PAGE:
Ah, ’tis a cursed plant, that Verbesina enceloides, Cochise County’s own golden crownbeard! Toxic to grazing critters like sheep and goats, equally deadly to other plants that would dare to try sharing its space, robustly invasive, loves sun and disturbed soil, avoided by nesting birds, what a villain we have here!
Still…this annual member of the aster family, native to most of the United States and found throughout much of the world, does have some redeeming qualities. The yellow petals of the flowers, surrounding yellow-orange centers, present a mighty fine treat for the eye, massive patches with some individual plants near the Border Fort towering as much as seven feet high, swaying in the wind. The gray-green raggedy-spear shaped leaves may not be all that, but the butterflies and other insects mob the blossoms with frenzied joy during late summer.
Or at least, so it seemed today.
Golden crownbeard is too common on our place to draw much of our attention–we’re admittedly jaded in that regard–but as I was wandering by the monster patch in the back yard this afternoon, a butterfly caught my eye. Out came the camera. This particular butterfly was a great model, too, staying long enough on each blossom to make multiple photographs possible. Ah, but then another butterfly of a different species joined the party, a white and black moth (or butterfly…no, probably a moth) decided not to be left out, and the game was on.
Naturally, the less flashy insects find the golden crownbeard blossoms worth visiting as well.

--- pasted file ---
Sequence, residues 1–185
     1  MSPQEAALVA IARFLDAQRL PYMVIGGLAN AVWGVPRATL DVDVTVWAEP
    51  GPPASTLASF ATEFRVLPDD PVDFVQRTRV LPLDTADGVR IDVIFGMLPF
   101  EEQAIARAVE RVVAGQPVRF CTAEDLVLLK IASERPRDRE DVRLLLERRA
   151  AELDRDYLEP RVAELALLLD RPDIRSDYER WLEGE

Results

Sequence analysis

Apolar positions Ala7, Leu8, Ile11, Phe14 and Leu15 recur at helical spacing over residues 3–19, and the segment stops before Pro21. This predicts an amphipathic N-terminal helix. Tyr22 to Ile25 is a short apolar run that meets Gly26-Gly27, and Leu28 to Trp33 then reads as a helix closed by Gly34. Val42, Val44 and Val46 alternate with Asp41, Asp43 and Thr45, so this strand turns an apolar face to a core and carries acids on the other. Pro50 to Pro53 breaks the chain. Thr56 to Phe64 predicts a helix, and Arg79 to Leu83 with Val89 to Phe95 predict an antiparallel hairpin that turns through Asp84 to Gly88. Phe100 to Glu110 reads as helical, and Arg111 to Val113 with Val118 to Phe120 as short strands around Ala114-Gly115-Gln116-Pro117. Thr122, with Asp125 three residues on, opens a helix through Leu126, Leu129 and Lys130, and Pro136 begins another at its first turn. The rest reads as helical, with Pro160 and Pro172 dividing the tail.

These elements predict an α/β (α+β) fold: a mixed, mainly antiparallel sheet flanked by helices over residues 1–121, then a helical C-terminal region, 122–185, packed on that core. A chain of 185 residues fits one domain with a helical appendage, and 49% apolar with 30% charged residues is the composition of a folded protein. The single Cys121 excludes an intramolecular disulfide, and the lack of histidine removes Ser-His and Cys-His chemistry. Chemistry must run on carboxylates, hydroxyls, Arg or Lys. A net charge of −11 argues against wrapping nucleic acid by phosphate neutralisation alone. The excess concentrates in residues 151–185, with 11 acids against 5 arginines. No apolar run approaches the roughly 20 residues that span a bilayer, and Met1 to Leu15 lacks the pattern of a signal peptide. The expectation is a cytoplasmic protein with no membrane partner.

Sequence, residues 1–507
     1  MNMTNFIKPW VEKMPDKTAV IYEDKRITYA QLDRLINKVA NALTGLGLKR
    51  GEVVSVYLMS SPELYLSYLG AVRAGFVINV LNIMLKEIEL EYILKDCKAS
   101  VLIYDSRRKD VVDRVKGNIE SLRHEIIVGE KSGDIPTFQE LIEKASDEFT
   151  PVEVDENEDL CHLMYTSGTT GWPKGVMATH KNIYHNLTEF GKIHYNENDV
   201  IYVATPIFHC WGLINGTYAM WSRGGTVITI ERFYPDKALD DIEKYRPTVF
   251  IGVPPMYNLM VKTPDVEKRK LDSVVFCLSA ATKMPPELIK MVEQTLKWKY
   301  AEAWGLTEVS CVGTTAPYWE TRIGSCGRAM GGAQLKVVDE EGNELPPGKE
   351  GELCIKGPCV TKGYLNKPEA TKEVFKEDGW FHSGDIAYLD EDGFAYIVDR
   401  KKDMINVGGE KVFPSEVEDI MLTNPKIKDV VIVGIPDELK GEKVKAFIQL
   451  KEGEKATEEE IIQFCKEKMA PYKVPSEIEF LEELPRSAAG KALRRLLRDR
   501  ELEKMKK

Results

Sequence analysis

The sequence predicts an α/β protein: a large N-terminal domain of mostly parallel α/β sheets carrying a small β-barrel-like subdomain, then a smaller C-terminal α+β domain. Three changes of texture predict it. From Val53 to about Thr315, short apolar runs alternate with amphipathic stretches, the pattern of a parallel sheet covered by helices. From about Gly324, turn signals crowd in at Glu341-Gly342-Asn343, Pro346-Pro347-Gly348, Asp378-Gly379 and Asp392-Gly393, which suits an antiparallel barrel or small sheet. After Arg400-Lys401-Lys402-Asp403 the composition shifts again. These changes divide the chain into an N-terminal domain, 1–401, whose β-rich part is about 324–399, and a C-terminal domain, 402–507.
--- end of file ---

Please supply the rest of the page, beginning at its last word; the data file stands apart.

There are, of course, other parts to the Verbesina encelioides plants than just the bright, insect-attracting blossoms. One thing that startled me was the size and appearance of the trunk–and that’s the only word for it–of one seven-foot plant. We’ve seen these golden crownbeards around from the first year we arrived here (2009), never mind that I’d misidentified the species until this evening, but never had we seen growth so monumental that it produced what looked a whole lot more like a tree trunk than like a mere weed.
These plants may run off other vegetation, but they’re plenty sociable with each other, mixing and mingling like nobody’s business.
It’s easy enough to tell autumn is coming. Certain sections of the golden crownbeard patches are already beyond the blooming stage, going to seed, leaves going limp and then drying out completely.
A final note about this “invasive weed”, to wit:
Quite a few plants that irritate folks in wetter states find they’ve more or less met their match in southern Arizona’s arid-except-for-July-and-August climate. The golden crownbeard is no exception. When we first purchased acreage here in April of 2009, the seller hired a man with a backhoe to run our main water line “around the loop” from the wellhead for nearly half a mile to our place. This produced a long, narrow line of disturbed earth, which the crownbeard plants absolutely loved. For several years after that, ninety percent of the Verbesina encelioides we saw were in spots along that line. But they didn’t last there in any great numbers. This year, they’ve made the jump over to follow our French drain ditch which is disturbed every year by the backhoe during the ditch’s annual cleanout.
In other words, the Arizona desert is capable of limiting the golden crownbeard’s spread. Leave the land alone for a few years and things will come into balance, limiting the plant’s presence automatically. Which means we can enjoy the massive plant patches with their brilliant yellow blooms and visiting butterflies without worries…or get out the heavy duty brush cutter, a bit later on in the year.